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Software Defined Radio offers another path to the same information.

Discussion in 'Amateur Radio News' started by VK6FLAB, Jun 1, 2019.

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  1. VK6FLAB

    VK6FLAB Ham Member QRZ Page

    foundations-of-amateur-radio_300.jpg
    Foundations of Amateur Radio

    Software Defined Radio offers another path to the same information.

    Over the past few weeks I've been describing how some of the fundamental concepts of software defined radio work and how some of these operate and interact with each other.

    You might think of some of these ideas and technologies as unrelated to the hobby of amateur radio, or not relevant to traditionally built radios.

    Nothing could be further from the truth.

    Before I go on, I've been trying to find more elegant terms to distinguish between radios built with mostly software and those built with mostly hardware, and I use the word mostly, because a traditional radio like my Yaesu FT857D has software on board and similarly the software defined radio Flex 6600 has traditional components inside the box.

    For convenience, until I find a better distinction I'm going to refer to these as hardware radios and software radios. When I refer to a hardware radio, think Yaesu FT857D, when I say software radio, think Flex 6600.

    Back to the topic at hand. The techniques used in both disciplines, hardware and software, apply to each other. So for example, a band filter might be useful in both and use similar if not identical circuitry, but a noise filter, or an audio filter like a Collins SSB or CW filter might only exist in a hardware radio and the software radio deals with the issue using little programs.

    Similarly, the local oscillator in both determine the accuracy of frequency representation, but a hardware radio might require a screwdriver to adjust, where a software radio offers the adjustment functionality with a single menu option.

    With my time spent on software defined radio, I'm finding that my understanding of how spectrum relates to the signal and how filters, offsets and various adjustments all relate to each other.

    Don't get me wrong. The things I'm learning are perfectly able to be represented within hardware radios and the education that goes with that, what I'm saying is that they arrived for free for me with understanding the software defined radio.

    Let me give you an example.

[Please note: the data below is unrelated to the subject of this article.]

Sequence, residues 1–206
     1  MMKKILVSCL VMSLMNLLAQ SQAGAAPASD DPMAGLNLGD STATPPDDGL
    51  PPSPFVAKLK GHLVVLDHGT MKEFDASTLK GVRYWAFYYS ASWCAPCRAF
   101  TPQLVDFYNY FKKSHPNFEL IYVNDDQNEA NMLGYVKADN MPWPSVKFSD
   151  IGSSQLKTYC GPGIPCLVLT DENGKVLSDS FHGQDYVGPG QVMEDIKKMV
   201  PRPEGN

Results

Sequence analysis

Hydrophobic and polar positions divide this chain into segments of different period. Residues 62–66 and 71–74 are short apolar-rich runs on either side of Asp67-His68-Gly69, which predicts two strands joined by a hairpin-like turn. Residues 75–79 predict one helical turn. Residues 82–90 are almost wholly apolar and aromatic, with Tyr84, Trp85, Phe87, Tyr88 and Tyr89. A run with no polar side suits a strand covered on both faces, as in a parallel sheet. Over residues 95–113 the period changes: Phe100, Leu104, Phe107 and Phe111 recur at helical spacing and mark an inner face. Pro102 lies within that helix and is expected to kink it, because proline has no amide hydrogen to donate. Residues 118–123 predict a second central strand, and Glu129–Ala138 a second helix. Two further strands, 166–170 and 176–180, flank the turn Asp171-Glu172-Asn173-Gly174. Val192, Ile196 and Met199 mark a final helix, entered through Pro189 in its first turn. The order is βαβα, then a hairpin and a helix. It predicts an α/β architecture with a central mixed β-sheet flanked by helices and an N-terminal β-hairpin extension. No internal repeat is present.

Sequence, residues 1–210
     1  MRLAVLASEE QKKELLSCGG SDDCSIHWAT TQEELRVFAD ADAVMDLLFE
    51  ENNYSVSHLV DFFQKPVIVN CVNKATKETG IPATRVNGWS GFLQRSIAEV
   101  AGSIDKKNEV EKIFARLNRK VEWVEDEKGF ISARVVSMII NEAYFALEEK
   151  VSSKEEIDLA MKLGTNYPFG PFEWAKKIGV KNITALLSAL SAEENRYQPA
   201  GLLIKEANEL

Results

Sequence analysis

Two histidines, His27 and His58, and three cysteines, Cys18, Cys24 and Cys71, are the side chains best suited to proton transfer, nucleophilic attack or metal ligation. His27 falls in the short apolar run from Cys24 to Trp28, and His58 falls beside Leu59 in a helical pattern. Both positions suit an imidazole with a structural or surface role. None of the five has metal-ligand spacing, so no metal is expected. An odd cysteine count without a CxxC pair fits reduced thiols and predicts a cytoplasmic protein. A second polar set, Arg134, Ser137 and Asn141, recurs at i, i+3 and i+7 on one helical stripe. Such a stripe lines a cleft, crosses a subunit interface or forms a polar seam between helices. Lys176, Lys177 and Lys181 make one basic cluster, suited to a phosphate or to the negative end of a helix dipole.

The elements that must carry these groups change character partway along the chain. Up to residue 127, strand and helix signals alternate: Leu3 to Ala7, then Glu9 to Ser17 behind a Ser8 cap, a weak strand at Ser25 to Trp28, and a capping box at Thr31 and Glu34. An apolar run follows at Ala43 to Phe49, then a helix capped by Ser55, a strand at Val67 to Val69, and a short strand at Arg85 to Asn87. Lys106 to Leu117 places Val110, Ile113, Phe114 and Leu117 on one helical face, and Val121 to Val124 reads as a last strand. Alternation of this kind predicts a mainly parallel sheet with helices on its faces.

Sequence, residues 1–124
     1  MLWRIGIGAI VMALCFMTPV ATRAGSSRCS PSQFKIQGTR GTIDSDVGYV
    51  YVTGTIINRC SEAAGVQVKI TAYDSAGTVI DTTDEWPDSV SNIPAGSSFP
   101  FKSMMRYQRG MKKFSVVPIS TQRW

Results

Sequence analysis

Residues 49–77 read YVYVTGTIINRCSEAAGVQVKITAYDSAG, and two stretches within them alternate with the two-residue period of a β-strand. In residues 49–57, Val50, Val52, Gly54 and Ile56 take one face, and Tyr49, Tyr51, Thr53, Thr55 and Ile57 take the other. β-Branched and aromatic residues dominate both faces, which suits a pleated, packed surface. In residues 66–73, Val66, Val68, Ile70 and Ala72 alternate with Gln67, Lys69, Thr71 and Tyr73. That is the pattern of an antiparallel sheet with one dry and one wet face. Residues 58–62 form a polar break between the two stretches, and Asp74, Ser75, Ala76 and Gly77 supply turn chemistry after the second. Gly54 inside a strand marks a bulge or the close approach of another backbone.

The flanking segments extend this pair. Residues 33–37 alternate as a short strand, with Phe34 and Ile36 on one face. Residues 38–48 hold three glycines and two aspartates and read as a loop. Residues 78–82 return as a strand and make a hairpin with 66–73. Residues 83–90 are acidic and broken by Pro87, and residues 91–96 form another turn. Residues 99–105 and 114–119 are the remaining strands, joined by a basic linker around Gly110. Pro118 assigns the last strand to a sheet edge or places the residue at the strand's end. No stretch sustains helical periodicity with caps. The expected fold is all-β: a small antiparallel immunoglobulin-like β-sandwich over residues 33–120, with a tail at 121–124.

If you listen to a Morse code beacon signal on the 10m band, lets say the NCDXF beacon on 28.2 MHz. If your radio is set up correctly, you'll hear a tone as each beacon does its thing.

    If you tune slightly off frequency, the tone changes, up or down, depending on how you've got your radio configured.

    If you've got a Collins CW filter, you might find the whole thing vanishes if you stray too far off frequency.

    Now here's the thing.

    The tone you're hearing is actually dependent entirely on how far off frequency you are, so much so, that if you're entirely on frequency, you won't hear anything at all.

    But you just heard me say that if your radio is set up correctly, you'll hear Morse if you're on frequency, and that's because, setting up the radio includes an offset, in a hardware radio it might be called the CW pitch, and what it does is essentially take your radio off frequency by the pitch amount.

    You can test this by setting the pitch to 0 and taking the radio off frequency by say 500 Hz.

    The point is that how this works and my understanding of it, came entirely from the software radio side. My training didn't include the intricacies of hardware radios, but my curiosity got me there by another path.

    Another way to consider the Morse code signal is to think of it as a tone of 0 Hz. You can't hear the tone, since it's 0, but if you were to move the dial, the 0 changes into something you can hear.

    While I'm at it, if you've ever wondered what's the difference is between the two CW modes on your radio, when they don't appear to do much at all?

    Consider two signals, side by side, say 500 Hz apart. From a listing perspective, the station you care about is at 500 Hz and the one you don't care about is at 1000 Hz. Change to the other CW mode and the one you care about is still at 500 Hz, but the other station has moved from a 1000 Hz to 0 and it vanished.

    I've spoken to many different amateurs over the years and each one learns their craft differently.

    I hope that my weekly podcast adds little puzzle pieces to your mind that will over time collide with each other and end up with that elusive Ah-Ha moment that makes you smile with a tinkle in your eye and a better understanding of this amazing hobby.

    I'm Onno VK6FLAB

    This article is the transcript of the weekly 'Foundations of Amateur Radio' podcast, produced by Onno (VK6FLAB) Benschop who was licensed as radio amateur in Perth, Western Australia in 2010. For other episodes, visit http://vk6flab.com/. Feel free to get in touch directly via email: cq@vk6flab.com

    If you'd like to join a weekly radio net for new and returning amateurs, check out the details at http://ftroop.vk6flab.com/, the net runs every week on Saturday, from 00:00 to 01:00 UTC on Echolink, IRLP, AllStar Link, Brandmeister and 2m FM via various repeaters, all are welcome.
     
  2. W1YW

    W1YW Ham Member QRZ Page

    Please STOP posting podcasts as NEWS.

    Thanks!
     

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